Andrew Lewis, born October 9, 1720, was an Irish-born American pioneer, surveyor, and military officer. In 1751 he established a camp here which attracted pioneer settlements. However, the Shawnee Indians wiped out these early settlements, killing all the men and carrying off the women and children. In 1774, Colonel Lewis was tasked with removing the Shawnee’s, which he did. The town of Lewisburg, named after him, was formally laid out in 1780.
The Lewisburg Presbyterian Church was built in 1796 of local limestone. Now known as the Old Stone Presbyterian Church, this building is the oldest church still in continuous use west of the Allegheny Mountains. The church escaped damage during the Civil War, when it was used as a hospital and for billeting troops. Following the Battle of Lewisburg, May 23, 1862, Confederate dead lay in the sanctuary. The Union commander refused to allow services, in retaliation for sniper fire that killed one of his wounded soldiers. The Confederates were unceremoniously buried in a trench along the south wall of the church. After the war, 95 soldiers were reburied in a common grave mounded in the form of a cross, on a hill just beyond the Church.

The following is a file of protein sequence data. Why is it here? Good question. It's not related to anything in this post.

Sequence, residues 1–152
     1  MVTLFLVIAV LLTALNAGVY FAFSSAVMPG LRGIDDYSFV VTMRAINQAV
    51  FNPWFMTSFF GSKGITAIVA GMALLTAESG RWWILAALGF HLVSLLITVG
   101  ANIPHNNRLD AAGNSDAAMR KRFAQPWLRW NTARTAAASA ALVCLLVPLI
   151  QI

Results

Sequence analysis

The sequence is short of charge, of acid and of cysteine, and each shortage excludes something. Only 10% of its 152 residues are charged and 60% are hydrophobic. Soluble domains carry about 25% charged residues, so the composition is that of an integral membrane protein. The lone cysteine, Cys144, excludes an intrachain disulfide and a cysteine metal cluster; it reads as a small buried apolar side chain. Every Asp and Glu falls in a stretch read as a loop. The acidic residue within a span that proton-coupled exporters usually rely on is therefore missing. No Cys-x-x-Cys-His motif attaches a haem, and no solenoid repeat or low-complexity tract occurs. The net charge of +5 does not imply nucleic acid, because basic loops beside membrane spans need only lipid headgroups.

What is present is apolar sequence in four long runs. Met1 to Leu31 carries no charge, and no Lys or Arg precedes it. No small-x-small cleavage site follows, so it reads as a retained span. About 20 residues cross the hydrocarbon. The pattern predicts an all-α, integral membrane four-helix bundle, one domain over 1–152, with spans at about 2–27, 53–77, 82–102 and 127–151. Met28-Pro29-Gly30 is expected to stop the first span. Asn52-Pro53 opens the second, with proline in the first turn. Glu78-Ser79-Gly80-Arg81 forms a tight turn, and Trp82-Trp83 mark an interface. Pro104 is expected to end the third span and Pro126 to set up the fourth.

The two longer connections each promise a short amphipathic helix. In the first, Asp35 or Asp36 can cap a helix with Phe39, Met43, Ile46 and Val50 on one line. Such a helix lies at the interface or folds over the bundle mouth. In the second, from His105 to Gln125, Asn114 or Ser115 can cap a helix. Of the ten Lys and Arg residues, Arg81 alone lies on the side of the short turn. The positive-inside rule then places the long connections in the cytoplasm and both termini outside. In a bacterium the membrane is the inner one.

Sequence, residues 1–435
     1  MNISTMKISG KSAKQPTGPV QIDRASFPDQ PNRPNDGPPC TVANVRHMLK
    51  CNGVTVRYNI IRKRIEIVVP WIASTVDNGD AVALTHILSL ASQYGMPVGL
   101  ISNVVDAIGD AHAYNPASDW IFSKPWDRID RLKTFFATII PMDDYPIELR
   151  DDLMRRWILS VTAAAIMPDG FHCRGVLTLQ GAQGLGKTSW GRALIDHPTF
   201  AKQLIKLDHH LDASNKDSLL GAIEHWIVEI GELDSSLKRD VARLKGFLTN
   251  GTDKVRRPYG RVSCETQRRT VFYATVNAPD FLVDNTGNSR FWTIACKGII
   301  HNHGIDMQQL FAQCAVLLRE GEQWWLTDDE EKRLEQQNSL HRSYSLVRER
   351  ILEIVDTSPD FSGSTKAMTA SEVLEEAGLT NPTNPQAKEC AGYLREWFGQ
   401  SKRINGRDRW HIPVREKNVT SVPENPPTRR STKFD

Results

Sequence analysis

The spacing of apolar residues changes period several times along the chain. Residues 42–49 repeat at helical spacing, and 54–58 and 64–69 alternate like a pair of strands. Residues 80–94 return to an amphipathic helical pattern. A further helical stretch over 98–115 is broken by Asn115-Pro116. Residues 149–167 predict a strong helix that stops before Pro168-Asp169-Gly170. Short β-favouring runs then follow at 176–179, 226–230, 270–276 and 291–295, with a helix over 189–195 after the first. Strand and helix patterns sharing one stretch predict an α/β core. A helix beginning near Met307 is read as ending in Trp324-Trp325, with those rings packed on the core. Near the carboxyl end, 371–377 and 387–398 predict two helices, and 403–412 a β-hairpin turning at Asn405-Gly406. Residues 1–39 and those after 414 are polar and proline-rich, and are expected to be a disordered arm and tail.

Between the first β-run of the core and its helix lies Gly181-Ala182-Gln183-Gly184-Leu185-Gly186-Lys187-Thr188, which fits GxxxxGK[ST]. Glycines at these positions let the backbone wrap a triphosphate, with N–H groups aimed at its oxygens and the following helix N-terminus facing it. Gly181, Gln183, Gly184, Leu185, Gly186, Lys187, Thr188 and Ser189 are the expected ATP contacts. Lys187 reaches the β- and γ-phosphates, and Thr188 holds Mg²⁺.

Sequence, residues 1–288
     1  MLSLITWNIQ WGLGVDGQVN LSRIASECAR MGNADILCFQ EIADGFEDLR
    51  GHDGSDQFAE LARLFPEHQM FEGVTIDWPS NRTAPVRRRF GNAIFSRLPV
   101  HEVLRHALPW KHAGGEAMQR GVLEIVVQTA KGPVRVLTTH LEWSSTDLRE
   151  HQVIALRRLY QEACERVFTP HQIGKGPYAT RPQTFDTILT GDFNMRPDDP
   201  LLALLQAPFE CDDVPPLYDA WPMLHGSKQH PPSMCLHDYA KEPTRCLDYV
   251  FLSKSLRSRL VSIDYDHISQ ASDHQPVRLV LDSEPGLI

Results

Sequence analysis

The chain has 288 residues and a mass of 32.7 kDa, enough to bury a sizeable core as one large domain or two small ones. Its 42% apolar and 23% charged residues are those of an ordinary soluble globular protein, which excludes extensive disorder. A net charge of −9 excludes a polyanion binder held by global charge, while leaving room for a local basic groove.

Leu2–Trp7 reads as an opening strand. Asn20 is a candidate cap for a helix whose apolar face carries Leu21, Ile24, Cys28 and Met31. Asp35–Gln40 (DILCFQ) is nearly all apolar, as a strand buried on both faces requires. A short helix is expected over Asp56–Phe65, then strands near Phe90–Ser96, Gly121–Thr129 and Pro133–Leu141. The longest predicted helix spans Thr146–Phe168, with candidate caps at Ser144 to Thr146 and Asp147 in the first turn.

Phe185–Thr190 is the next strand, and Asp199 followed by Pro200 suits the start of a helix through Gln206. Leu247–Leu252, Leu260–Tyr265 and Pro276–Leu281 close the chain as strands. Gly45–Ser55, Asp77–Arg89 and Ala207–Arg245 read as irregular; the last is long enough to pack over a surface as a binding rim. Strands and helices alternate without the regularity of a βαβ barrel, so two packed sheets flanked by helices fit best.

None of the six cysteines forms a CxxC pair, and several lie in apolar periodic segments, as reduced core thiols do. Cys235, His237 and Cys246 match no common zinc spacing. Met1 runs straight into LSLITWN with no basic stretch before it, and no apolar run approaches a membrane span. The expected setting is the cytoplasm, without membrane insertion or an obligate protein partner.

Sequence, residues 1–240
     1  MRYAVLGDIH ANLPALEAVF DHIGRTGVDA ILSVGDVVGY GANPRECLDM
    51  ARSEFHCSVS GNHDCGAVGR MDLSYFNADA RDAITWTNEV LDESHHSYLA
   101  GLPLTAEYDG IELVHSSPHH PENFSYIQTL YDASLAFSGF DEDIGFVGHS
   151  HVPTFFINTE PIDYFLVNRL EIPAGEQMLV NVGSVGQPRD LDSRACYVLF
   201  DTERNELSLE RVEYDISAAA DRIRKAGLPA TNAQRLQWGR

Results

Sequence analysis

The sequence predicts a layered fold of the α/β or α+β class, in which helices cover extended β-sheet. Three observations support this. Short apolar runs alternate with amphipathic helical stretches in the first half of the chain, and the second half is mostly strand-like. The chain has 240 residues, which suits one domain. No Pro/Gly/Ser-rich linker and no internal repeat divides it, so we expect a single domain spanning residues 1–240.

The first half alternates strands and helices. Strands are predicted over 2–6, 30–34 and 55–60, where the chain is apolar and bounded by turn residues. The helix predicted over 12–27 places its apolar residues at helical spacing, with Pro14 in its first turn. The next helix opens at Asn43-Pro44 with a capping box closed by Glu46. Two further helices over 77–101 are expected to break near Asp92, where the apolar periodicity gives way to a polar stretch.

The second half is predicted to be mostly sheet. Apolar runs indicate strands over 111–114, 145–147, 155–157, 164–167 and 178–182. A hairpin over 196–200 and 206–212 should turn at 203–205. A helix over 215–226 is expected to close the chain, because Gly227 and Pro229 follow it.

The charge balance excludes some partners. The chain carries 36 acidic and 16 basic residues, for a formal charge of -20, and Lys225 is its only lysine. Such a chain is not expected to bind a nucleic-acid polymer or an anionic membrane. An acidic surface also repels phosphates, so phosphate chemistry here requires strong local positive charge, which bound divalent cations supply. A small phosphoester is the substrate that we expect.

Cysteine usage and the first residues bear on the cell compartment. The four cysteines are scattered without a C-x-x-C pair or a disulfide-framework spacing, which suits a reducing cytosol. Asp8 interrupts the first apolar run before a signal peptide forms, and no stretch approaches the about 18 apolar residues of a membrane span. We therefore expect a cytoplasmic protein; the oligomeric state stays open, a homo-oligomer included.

The State of West Virginia came into existence on June 20, 1863.
Went to the Old Stone Presbyterian Church were I gave my sermon to an unpacked congregation.
In 1902 Andrew Carnegie donated $26,750 dollars to the Lewisburg Female Institute to build a performance hall. Of course, they named it Carnegie Hall.
I can now say, I sang at Carnegie Hall.
On April 21, 1821, John North, Clerk of the Greenbrier District Court, purchased a 2 acre plot in Lewisburg and constructed this house. Today, this house is the Greenbrier Museum.
We traveled all over this country to view this item located in the museum:
It is the training saddle of Robert E. Lee’s horse, Traveller. Not the saddle Lee used, but the saddle to get the young colt use to a saddle on his back.